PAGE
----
Buttler spills it
Wicketkeeper’s errors cost England
Only the very finest players have enjoyed batting in Tests in England in recent years and Babar Azam already looks as if he will end this series bracketed alongside Steve Smith and Virat Kohli.
Azam was the standout performer on a day of tightly fought Test cricket only let down by the weather. Rain and gloomy light restricted play to 49 overs and when it restarted at 5.45pm following a delay of almost three hours, England could only bowl spin, with the umpires deeming it too dangerous for the quicks to come on.
It was admirable that Joe Root allowed the game to continue by agreeing to bowl himself and Dom Bess, but it just served up easy runs for Azam, who tucked in happily. Pakistan added 30 runs to end the day in a strong position at 139 for two.
Azam played some delectable cover drives and used his feet against Bess to sweep and hit down the ground. He latched on to anything short or wide as he played the most fluent innings of the summer so far, moving to 69 at the close.
Credit needs to go to Shan Masood, too, for surviving a tortuous start against James Anderson, when he looked as if he could nick every ball, to scrap his way to 46.
England’s poor day was summed up by Jos Buttler giving Masood two lives behind the stumps, both off Bess. He missed an outside edge when Masood was on 45 and then three hours later – when Masood was still on the same score – he made a mess of a stumping. The sight of Bess turning the ball was good for him, but ominous for England given the two wrist-spinners in the Pakistan side. With the pitch already dry and hotter weather forecast, Azam can today set the game up for Pakistan.
Buttler’s position is always under the microscope, whether for his batting or keeping. His runs in the last Test eased the pressure on his place, but after play ended he walked across the outfield back to his hotel room with wicketkeeping coach Bruce French consoling him.
With Ben Stokes unable to bowl, England picked an unchanged side, with Buttler batting at six again and he will have to redeem himself with runs.
England’s best period was the hour before lunch when Chris Woakes and Jofra Archer ripped out Abid Ali and Azhar Ali with accurate, hostile bowling, conceding only 19 runs in 11 overs. Woakes was the best bowler, outperforming Anderson as England’s pitch-it-up seamer. Archer was in rhythm, holding back his pace to hit a good length or bowl short, forcing the batsmen to play or duck.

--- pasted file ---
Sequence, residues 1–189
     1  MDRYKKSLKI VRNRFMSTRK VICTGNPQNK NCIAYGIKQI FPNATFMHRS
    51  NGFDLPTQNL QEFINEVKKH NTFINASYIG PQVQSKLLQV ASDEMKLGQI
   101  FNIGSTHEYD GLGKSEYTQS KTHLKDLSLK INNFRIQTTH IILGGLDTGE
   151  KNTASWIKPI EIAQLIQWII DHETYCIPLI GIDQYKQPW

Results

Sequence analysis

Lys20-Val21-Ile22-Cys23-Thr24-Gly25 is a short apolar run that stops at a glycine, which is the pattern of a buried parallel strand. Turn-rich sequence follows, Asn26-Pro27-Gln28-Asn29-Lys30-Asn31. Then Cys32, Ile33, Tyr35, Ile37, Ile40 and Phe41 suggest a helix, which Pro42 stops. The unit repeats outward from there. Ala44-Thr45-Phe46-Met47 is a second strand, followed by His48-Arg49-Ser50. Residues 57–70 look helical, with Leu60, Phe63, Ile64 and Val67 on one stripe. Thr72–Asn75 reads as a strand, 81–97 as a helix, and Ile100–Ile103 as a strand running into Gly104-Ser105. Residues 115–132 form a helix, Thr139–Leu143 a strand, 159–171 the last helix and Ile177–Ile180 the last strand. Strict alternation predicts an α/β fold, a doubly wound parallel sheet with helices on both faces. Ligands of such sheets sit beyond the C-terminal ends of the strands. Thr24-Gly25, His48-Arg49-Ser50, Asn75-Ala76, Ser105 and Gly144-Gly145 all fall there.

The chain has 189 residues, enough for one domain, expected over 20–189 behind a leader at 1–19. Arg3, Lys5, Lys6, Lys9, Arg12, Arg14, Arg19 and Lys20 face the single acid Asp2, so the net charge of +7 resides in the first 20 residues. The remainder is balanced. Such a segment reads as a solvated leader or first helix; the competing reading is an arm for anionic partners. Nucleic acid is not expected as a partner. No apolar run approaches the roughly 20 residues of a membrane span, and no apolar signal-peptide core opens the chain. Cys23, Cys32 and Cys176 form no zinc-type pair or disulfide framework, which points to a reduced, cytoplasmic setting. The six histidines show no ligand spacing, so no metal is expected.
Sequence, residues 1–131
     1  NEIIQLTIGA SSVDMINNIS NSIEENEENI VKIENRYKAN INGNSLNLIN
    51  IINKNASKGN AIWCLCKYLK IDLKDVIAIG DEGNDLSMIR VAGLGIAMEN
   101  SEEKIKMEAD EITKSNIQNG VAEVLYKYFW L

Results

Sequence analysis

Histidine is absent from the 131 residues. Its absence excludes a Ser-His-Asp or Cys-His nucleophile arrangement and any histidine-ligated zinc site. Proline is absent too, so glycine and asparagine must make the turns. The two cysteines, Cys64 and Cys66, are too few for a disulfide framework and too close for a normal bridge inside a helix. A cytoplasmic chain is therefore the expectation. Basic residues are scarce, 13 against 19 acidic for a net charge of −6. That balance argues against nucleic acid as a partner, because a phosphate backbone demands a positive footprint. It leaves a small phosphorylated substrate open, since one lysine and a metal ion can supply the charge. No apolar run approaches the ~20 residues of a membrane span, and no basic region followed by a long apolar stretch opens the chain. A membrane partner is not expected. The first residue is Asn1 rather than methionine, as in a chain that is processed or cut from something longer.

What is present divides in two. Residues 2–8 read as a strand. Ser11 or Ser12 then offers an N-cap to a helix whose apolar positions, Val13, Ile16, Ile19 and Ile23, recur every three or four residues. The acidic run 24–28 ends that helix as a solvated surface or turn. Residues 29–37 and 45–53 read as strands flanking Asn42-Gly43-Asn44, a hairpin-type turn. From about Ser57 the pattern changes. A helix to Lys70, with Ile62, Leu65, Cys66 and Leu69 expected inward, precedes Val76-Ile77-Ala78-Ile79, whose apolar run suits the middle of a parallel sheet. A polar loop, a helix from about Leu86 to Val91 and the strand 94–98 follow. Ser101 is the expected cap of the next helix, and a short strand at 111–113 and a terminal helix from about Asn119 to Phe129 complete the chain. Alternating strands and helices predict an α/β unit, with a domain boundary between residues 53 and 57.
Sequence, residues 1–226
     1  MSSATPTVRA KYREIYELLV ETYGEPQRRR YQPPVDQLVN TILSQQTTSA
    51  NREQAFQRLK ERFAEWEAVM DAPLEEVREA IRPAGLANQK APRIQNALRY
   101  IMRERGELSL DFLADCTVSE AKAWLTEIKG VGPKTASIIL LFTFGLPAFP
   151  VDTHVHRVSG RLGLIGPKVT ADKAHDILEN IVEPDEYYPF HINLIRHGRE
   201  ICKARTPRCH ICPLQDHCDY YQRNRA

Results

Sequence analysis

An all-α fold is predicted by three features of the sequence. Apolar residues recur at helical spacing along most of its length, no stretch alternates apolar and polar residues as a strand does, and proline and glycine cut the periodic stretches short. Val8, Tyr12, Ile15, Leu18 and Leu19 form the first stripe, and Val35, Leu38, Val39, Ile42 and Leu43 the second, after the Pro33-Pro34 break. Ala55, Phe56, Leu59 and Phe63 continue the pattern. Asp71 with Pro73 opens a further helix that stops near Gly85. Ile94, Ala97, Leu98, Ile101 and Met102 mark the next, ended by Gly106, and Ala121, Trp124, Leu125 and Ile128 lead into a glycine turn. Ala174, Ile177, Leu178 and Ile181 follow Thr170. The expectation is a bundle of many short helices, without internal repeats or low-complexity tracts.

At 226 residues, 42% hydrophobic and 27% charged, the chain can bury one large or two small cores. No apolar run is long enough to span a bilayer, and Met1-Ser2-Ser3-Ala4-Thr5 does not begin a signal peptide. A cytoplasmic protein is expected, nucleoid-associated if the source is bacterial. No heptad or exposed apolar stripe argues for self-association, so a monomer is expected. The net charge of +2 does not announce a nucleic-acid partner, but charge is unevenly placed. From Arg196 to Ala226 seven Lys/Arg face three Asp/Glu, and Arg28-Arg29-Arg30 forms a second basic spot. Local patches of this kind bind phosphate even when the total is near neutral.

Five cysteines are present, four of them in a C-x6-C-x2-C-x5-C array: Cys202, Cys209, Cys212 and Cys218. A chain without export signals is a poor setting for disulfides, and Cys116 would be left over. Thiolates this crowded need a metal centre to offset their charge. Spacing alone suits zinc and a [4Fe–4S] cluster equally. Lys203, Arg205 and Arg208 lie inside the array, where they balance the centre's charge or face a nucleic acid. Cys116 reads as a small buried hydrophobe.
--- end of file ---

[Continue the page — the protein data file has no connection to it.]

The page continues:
At 52 for two, England had control, but their grip loosened in a wasteful hour after lunch when Azam and Masood built their partnership. Azam had taken 14 balls to make his first run in that tricky last half-hour of the morning session, but Anderson’s first ball to him after the break was wide down the leg side. He eased it to the fine-leg boundary and was away.
Azam whipped Anderson off his legs for another boundary in his next over before timing a perfect drive on the up through the covers for the shot of the day. Anderson’s three overs cost 16 runs and he was replaced by Woakes. Azam hit a Broad full-toss for a boundary and drove Archer’s first ball after lunch down the ground for four. This was high-class, attractive batting.
Archer also bowled some poor deliveries to Azam and it was not a fair contest between young Bess and a batsman who averages 103.66 against spin since 2018.
Azam arrived in England with four hundreds and a 97 in his previous seven innings – and a determination to prove himself against the Dukes ball.
Only Kohli and Smith have done that in recent summers, both dominating run scoring for their teams. Marnus Labuschagne was brilliant in the last Ashes too, but reaped the benefit of playing county cricket that summer to learn the ropes in England. Azam has just had intrasquad friendlies to find his feet.
Azhar won the toss and avoided Jason Holder’s error of being lured by the overhead conditions into bowling first at this ground. He put faith in his batsmen to survive against England’s expertise with the Dukes ball.
In the Broad-Anderson era, Pakistan’s openers have been easy pickings for England. First-wicket partnerships have averaged 11 (2018), 18.50 (2016) and 17.25 (2010), but Masood and Abid Ali fought through the opening hour despite often groping at thin air against Anderson.
Masood played the ball much later, hanging back in the crease to give himself time. Abid went harder at the ball and almost played on and edged just past gully.
Having survived the first hour, Abid fell straight after the drinks break, bowled through the gate by Archer.
Woakes then hit the perfect length, nipping the ball around to trap Azhar on the crease lbw. Azhar used the captain’s prerogative of reviewing the decision, but he was plumb. He just could not accept he was out for a duck and it was a selfish review.
Woakes’s first ball to Azam was an absolute peach, hitting a length and ripping past the outside edge. Pakistan were just hanging in, desperate to survive. England did not need the lunch break, it took the impetus out of their bowling and they could not rally.
You know it has been a tough day when the head coach speaks after play. Chris Silverwood knew where it had gone wrong. “We bowled too many four balls and gave momentum back to Pakistan.” Succinct but accurate. England are in a fight.
England wicketkeeper Jos Buttler misses an opportunity to stump Pakistan’s Shan Masood, who was 46 not out at the close as the tourists reached 139 for two on a rain-hit first day of the first Test at Emirates Old Trafford yesterday
Shan Masood is on 45 when he edges Dom Bess behind, but Jos Buttler cannot hang on as the ball squirms off his left hand.
Later, Buttler spurns an easier chance as Masood charges Bess and misses. But the wicketkeeper fails to gather for the stumping.